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Tigers stars Alan Trammell, Jack Morris make Baseball Hall of Fame

By Anthony Fenech • Updated Dec 10, 2017 at 11:02 PM

ORLANDO — The wait is over for Alan Trammell and Jack Morris.

It took them much longer than anticipated, but the two members of the 1984 champion Detroit Tigers have been elected to the Baseball Hall of Fame.

The former Tigers teammates were elected by the Hall of Fame Modern Era Committee, which voted them in on Sunday night at the Major League Baseball Winter Meetings.

They will become the 21st and 22nd players in Tigers history to be inducted into the Hall of Fame next summer and the first from the 1984 championship team, which is only represented in Cooperstown by manager Sparky Anderson.

Morris was selected on 14 of 16 ballots and Trammell was selected on 13 of 16 ballots.

Meanwhile, Ted Simmons' wait continues. So does the wait for Atlanta Braves great Dale Murphy.

That’s because Morris and Trammel were the only two candidates to make the cut this year.

Simmons, the former switch-hitting catcher and Cardinals Hall of Famer was not selected for the Modern Baseball Era’s Class of 2018. Needing 12 votes for election, Simmons fell one vote short.

It was Murphy’s first year to be considered by what was formerly known as the Veterans Committee, after the two-time former National League Most Valuable Player fell far short of the required votes from writers during his maximum 15 years on the Baseball Writers’ Association of America ballot.

Simmons and Murphy can appear on the Modern Baseball Era ballot again when that committee meets in two years to make decisions for the 2020 induction year.

There are 16 voting members on electorate appointed by the Hall of Fame board for the Modern Baseball Era ballot. Each of the 16 voters could choose up to four nominees. A finalist had to receive at least 75 percent of the vote to be elected. Those selected will be inducted into the Hall on July 29 in Cooperstown.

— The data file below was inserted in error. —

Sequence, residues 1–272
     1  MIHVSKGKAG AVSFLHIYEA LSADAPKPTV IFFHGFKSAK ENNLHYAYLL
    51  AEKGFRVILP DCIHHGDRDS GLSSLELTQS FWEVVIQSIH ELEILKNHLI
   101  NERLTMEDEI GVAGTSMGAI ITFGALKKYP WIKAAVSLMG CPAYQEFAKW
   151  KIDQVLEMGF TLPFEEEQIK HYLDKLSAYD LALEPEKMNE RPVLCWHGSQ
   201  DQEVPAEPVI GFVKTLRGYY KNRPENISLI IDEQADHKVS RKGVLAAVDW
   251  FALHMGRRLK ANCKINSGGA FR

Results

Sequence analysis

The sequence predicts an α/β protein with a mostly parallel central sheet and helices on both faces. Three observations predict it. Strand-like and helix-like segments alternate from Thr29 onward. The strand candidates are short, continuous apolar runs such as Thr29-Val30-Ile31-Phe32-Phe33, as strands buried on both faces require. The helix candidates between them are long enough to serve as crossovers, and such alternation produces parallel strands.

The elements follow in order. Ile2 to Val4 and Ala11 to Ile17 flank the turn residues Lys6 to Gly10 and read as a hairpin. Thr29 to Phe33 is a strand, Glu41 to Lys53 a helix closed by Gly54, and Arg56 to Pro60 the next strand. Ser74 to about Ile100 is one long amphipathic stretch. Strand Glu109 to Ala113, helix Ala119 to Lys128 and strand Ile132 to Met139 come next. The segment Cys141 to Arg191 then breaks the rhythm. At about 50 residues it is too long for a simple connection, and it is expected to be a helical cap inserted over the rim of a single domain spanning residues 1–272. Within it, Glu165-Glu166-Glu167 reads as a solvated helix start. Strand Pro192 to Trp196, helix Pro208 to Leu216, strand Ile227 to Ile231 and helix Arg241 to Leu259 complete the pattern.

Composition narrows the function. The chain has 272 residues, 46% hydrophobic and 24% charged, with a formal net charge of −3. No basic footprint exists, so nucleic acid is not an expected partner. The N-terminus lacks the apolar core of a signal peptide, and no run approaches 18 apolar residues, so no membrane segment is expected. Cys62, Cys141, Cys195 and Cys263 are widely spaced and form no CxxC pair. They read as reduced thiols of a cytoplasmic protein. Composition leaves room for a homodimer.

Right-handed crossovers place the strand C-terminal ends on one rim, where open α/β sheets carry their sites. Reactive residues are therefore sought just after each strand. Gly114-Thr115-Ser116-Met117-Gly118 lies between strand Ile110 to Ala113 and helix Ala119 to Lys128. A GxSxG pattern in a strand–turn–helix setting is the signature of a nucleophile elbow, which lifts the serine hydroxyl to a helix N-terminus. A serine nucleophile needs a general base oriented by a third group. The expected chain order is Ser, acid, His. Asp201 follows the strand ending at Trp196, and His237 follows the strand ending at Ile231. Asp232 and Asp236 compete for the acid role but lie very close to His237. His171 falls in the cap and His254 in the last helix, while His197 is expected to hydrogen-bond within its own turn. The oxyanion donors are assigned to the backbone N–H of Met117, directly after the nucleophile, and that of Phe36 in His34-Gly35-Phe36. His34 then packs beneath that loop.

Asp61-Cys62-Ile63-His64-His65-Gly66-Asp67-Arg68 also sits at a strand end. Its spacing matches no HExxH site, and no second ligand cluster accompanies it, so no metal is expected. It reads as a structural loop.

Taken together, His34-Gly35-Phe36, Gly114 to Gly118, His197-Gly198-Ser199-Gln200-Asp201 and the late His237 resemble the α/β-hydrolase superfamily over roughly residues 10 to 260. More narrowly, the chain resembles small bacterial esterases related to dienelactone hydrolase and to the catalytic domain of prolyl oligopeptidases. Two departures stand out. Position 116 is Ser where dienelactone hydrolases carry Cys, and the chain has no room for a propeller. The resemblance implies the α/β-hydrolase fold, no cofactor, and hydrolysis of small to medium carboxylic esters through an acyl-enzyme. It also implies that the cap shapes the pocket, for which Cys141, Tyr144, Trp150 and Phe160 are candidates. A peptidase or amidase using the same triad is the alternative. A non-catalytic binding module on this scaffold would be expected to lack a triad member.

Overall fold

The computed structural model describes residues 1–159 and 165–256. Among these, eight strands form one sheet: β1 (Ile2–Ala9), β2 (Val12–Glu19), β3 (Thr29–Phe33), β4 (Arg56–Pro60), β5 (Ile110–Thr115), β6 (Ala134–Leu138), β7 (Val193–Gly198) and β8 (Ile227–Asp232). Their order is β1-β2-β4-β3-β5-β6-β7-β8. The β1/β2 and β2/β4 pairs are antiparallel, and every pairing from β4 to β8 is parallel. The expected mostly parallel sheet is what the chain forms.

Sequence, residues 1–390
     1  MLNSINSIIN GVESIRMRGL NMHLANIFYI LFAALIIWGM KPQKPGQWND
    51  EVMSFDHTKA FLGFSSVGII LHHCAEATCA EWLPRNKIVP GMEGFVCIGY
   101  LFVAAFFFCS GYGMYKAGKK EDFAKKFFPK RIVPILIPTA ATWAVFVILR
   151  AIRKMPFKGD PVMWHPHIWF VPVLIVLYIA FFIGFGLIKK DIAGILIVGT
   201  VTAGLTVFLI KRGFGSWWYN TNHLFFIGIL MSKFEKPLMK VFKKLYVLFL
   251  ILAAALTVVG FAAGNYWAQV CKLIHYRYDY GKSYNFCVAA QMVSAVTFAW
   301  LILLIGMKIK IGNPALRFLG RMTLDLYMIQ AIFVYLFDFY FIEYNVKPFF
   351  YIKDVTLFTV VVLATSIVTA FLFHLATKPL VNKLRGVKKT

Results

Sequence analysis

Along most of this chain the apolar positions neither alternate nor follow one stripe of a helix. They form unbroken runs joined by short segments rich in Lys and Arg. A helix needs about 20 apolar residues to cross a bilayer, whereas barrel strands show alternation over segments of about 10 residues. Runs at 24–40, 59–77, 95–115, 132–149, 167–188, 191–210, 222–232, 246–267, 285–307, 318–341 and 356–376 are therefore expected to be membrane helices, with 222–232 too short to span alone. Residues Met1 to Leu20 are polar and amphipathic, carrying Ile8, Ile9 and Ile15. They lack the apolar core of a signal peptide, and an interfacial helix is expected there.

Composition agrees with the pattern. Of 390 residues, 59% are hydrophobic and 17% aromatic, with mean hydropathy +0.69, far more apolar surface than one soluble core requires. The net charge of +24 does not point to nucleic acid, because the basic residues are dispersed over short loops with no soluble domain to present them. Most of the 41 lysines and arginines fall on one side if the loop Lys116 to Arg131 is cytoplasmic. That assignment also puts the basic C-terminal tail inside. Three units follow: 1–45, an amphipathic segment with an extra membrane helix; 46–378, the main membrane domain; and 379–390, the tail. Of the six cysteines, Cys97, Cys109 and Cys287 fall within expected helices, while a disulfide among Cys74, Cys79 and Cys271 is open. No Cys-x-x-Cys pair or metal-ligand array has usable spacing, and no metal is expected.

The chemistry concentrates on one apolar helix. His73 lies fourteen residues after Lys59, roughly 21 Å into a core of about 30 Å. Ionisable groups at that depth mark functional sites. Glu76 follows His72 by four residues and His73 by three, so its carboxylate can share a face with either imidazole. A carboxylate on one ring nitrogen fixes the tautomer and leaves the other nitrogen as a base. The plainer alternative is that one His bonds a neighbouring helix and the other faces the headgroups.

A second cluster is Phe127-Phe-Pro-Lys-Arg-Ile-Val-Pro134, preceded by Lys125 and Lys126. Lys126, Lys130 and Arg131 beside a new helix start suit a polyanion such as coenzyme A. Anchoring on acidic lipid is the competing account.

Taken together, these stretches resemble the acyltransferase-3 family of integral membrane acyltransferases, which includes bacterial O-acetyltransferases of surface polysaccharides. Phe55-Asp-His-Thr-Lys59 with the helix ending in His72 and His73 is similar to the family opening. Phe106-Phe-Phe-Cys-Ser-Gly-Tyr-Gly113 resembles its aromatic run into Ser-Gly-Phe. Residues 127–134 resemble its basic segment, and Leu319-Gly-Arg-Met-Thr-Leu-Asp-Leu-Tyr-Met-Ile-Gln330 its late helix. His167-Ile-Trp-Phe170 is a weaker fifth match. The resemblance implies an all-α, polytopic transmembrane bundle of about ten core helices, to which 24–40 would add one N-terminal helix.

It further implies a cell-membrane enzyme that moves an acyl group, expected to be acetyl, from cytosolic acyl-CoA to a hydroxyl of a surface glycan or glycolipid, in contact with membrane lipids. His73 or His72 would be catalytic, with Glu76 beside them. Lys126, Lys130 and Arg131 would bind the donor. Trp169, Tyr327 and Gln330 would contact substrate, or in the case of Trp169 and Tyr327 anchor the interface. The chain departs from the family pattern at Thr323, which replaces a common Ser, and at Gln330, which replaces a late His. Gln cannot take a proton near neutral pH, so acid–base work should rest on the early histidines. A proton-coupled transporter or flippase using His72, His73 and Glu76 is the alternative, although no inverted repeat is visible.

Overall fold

This year's finalists included nine former players and one former executive. In addition to Simmons and Murphy, the committee passed on Steve Garvey, Tommy John, Don Mattingly, Marvin Miller, Dave Parker and Luis Tiant.

The 16-member committee was comprised of George Brett, Rod Carew, Bobby Cox, Dennis Eckersley, John Schuerholz, Don Sutton, Dave Winfield and Robin Yount, Sandy Alderson, Paul Beeston, Bob Castellini, Bill DeWitt, David Glass, Bob Elliott, Steve Hirdt and Jayson Stark. Hall of Fame chairman of the board Jane Forbes Clark served as the non-voting chairman of the committee.

Trammell was a model of consistency throughout his 20-year career — all with the Tigers — and served as the consummate professional at shortstop, both offensively and defensively.

Trammell, 59, hit .285 with 185 home runs and 236 stolen bases. He was a six-time All-Star with four AL Gold Glove Awards, three AL Silver Slugger Awards and was named the World Series Most Valuable Player in 1984.

Trammell was worth 70.4 Wins Above Replacement during his career, according to Baseball-Reference.com, and ranks 93rd all-time in that category, ahead of many current Hall of Famers. Though he never received more than 40.9 percent of the vote in his 15 years on the BBWAA ballot — well short of the 75 percent required for election — Trammell’s numbers compare favorably to shortstops inducted in the past, like Ozzie Guillen and Barry Larkin.

Trammell is currently a special assistant to Tigers GM Al Avila.

Morris, 62, came closer to the Hall of Fame in his stay on the BBWAA ballot, with a high-water mark of 61.5 percent, but still had to wait for the special election.

In 18 seasons, the right-hander went 254-186 with a 3.90 ERA, 1.24 WHIP and 2,478 strikeouts. He is a three-time World Series champion, once each with the Tigers, Twins and Blue Jays.

Morris was worth 43.8 Wins Above Replacement during his career, according to Baseball-Reference.com. That metric, along with his high career ERA — a statistic which is often overlooked in today’s age of sabermetric advancements — are thought to be the reason he was not inducted by the BBWAA.

With his election, Morris has the highest ERA — 3.90 — of a starting pitcher in the Hall of Fame.

Murphy, 61, was one of baseball’s biggest stars in the 1980s and the face of the Braves franchise before being traded in 1990, his 15th season with Atlanta. The seven-time All-Star and five-time Gold Glove Award played three more seasons on battered knees with the Phillies and Rockies before retiring with 398 home runs, 1,266 RBIs and 161 stolen bases in a career that spanned parts of 18 seasons through 1993.

EDITOR’S NOTE: Ben Frederickson of the St. Louis Post-Dispatch (TNS) and David O'Brien of The Atlanta Journal-Constitution (TNS) contributed to this article.

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©2017 Detroit Free Press

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